There are lots of myths around taking anti-depressants for post-natal illness. For me, they worked wonders. I even took them when I was breastfeeding. Yes, that’s perfectly possible if you follow medical advice and there have been no ill effects to either me or my baby.
It’s also important to note, however, that anti-depressants aren’t a quick fix. Post-natal depression isn’t like the flu – you don’t have it for a couple of weeks and get better. It’s a cruel illness that can take months, or even years, to recover from. In many cases, what the medication does is make you more capable of functioning every day, but the actual recovery takes a long time. Friends and family often think you’ve have made a full recovery when the obvious symptoms have settled, but this isn’t the case, and this often leads to mums trying to put a ‘brave face on it’ because to the outside they look like they’re coping.
Finally, post-natal depression isn’t just post-natal depression. It’s the term we use, but actually, perinatal mental illness (the ‘proper’ term) includes antenatal anxiety and/or depression, post-natal depression and/or anxiety, post-traumatic stress disorder and post-natal psychosis. In fact, many cases of post-natal depression start with intense anxiety, so don’t think that you’re not ill just before you’re not crying all the time.
In fact, just like the illness can be different for every mum, the symptoms can also vary, which is why it can be difficult to spot. One of the big symptoms to look out for is actually anxiety. What does this look like when you’ve had a baby? Try the following:
- · You can’t sleep. Either you can’t fall asleep, or you can’t stay asleep. This is a biggie. If you can’t sleep, and you’re exhausted from having a baby, it’s a warning bell that something isn’t right.
- · You’re obsessive. Obsessing about sleep times? Feeding times? Keeping to routines? Keeping the house immaculate? Routinely checking things over and over? That’s anxiety’s voice in your head.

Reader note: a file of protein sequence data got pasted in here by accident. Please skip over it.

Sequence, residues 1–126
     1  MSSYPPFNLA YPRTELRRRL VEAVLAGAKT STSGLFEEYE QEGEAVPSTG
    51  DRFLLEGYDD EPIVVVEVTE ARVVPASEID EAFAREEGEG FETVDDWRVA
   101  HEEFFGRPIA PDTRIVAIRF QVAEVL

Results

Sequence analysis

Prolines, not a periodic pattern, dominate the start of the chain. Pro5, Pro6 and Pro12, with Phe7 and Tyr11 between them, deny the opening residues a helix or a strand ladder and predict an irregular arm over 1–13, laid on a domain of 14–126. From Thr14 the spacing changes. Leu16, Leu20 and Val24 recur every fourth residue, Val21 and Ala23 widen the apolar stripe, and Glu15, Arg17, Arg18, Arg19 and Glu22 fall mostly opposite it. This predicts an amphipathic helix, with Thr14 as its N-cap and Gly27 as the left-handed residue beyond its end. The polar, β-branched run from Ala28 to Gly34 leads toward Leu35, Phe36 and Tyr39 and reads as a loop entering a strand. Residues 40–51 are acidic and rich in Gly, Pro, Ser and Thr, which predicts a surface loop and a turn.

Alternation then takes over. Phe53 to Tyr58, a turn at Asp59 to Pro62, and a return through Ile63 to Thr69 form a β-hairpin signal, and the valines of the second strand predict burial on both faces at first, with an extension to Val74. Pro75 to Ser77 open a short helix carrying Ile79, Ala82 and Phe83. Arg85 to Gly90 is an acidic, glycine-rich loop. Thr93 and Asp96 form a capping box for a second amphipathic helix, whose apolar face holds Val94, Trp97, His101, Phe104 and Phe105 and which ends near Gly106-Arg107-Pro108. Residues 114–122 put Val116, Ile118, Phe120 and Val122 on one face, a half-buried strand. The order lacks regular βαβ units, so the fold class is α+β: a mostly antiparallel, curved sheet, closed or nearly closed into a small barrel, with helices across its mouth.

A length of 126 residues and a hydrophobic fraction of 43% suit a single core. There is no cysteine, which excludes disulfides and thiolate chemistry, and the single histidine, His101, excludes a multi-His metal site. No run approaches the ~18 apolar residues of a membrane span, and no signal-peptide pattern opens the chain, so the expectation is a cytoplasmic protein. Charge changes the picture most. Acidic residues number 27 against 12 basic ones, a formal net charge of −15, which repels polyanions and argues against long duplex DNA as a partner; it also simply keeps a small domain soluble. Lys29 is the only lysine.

- · You’re avoiding things. I used to make sure I was out of the house by 9am every day. I didn’t realise at the time that I was avoiding being at home and being alone with my baby. Some mums may find the opposite, and be too frightened to leave the house because they don’t feel like they can cope.
- · You dread night time. You can’t sleep, so you worry about the baby waking. You lie there waiting, in the darkness, your heart pounding and your mind racing. No wonder night time terrifies you.
Depression-like symptoms to look out for also include feeling hopeless, sad, tearful and/or overwhelmed. You may feel like you don’t love your baby, fantasise about harming yourself or the baby, or that you want someone take your baby away.
So, from one mum with perinatal mental illness to another, what’s my advice? It would be that is if you recognise any of these symptoms in yourself (or someone else), seek help as soon as possible. Talk to your GP and ask for a mental health plan. This entitles you to up to 10 discounted sessions with a psychologist if you feel you would benefit from a talking therapy (I did!). If you have private health cover, you can also ask for a referral to the Brisbane Centre for Post Natal Disorders at Belmont Hospital. I was treated at this wonderful facility and credit them for my recovery.
You can also benefit from seeking support from mums who have experienced post-natal illness themselves. Peach Tree is a Brisbane charity run entirely by mums where you can meet other parents experiencing perinatal mental illness in a warm, friendly and non-judgemental environment. Sharing your thoughts with other mums who are in a similar situation can really help you to feel less isolated and alone and I’ve made life long friendships with some of the mums I’ve met on my journey.
Hayley Carter is a writer, mum to two boys and two-time survivor of perinatal illness
Peach Tree is hosting a fundraising Vintage Gala on 21st November from 7pm – 11pm. Includes a sit-down dinner & drinks, live jazz music and silent auction. $140 per person – book online www.trybooking.com/155944
Peach Tree – tel: 0487 756 633